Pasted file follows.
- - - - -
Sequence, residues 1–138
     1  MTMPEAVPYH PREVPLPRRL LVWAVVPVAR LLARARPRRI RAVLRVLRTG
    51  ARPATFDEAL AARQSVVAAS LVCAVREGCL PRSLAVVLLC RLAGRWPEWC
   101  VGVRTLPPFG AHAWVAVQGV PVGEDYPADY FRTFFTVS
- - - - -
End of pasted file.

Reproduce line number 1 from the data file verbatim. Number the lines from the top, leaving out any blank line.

Sequence, residues 1–138